A novel device developed by a team of researchers at the University of Virginia (UVA) School of Medicine and the Harvard John A. Paulson School of Engineering and Applied Sciences (SEAS), designed to automatically monitor and help regulate blood-sugar levels in persons with type 1 diabetes mellitus, will undergo final testing in two clinical trials beginning early this year.
Type 1 diabetes is a chronic autoimmune disorder characterized by the destruction of insulin-producing cells in the pancreas, resulting in loss of the ability to maintain blood glucose homeostasis. Approximately 1.25 million Americans, and an estimated 11 million to 22 million people worldwide, have type 1 diabetes, according to the U.S. Centers for Disease Control and Prevention.
If the “artificial pancreas” system performs in patients as well as scientists hope, results from these long-term clinical trials could lead the U.S. Food and Drug Administration (FDA) and other international regulatory groups to approve the device for use by people with type 1 diabetes.
With $12.6 million in support from the National Institute of Diabetes and Digestive and Kidney Diseases, part of the National Institutes of Health (NIH), the system will be tested in 240 patients with type 1 diabetes at nine sites in the United States and Europe through two six-month trials.
The International Diabetes Closed-Loop trial is the first study of the technology, developed at UVA by a research team led by Boris Kovatchev, director of the UVA Center for Diabetes Technology. Participants will test the safety and effectiveness of the artificial pancreas for six months while going about their normal daily routines. The control-to-range artificial pancreas system technology has been further refined for clinical use and is now licensed to Charlottesville, Virginia-based startup company TypeZero Technologies. The investigators will compare the artificial pancreas’ performance to that of a standard insulin pump on two key measures: how well blood sugar levels are controlled, and whether the risk of hypoglycemia is reduced.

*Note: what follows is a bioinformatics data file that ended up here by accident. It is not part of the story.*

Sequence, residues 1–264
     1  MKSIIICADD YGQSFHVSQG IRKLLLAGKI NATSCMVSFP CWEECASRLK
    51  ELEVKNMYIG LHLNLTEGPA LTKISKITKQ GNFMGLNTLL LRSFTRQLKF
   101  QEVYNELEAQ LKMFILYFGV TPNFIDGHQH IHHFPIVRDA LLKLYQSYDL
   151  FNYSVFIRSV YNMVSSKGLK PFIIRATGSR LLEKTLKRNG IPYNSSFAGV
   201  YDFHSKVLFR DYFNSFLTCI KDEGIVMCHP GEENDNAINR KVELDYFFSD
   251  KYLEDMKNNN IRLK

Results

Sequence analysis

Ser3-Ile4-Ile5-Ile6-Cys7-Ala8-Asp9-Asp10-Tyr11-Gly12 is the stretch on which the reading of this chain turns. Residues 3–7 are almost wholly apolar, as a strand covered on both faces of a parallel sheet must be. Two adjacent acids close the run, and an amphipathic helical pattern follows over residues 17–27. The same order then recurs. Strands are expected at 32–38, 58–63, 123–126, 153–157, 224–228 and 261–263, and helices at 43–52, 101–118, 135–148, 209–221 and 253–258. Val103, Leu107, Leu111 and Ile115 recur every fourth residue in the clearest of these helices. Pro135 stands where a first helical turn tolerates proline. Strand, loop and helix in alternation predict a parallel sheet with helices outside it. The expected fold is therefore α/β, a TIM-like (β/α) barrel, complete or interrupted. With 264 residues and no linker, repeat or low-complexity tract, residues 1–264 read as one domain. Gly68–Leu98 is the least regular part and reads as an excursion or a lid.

The second study will follow 180 patients who completed the first study for an additional six months to test the advanced adaptive control algorithm developed by the research team, led by co-principal investigator and engineering lead on the project Dr. Frank Doyle, John A. & Elizabeth S. Armstrong Professor of Engineering & Applied Sciences at the Paulson School, to test whether it further improves control of blood-sugar levels.
The Harvard scientists’ system is based on zone model-predictive control (zone MPC), a strategy originally developed by Dr. Doyle and colleagues and described in a paper published in 1996. Rather than regulating glucose levels to a specific point in the same way that a home thermostat keeps room temperature at a precise setting, zone MPC defines an acceptable range for an individual’s glucose levels and controls variables to stay within it.
In conventional treatment, diabetics must self-monitor their blood-glucose levels, count carbohydrates, and when necessary, administer doses of insulin via either needle injections or an insulin infusion pump — techniques that result in only about 25 percent of diabetics meeting the standard for good glycemic control. Failure to maintain proper blood glucose levels by managing insulin is associated with long-term complications that include heart disease, kidney disease, and neuropathy. Poor blood-glucose control has also been shown to cause low energy, mood swings, and cognitive disruptions on a daily basis.
Through a match of control engineering with medical practice and behavioral science, the artificial pancreas system is designed to supply appropriate levels of insulin by not only reacting to changes in the body, but accurately predicting future blood glucose levels.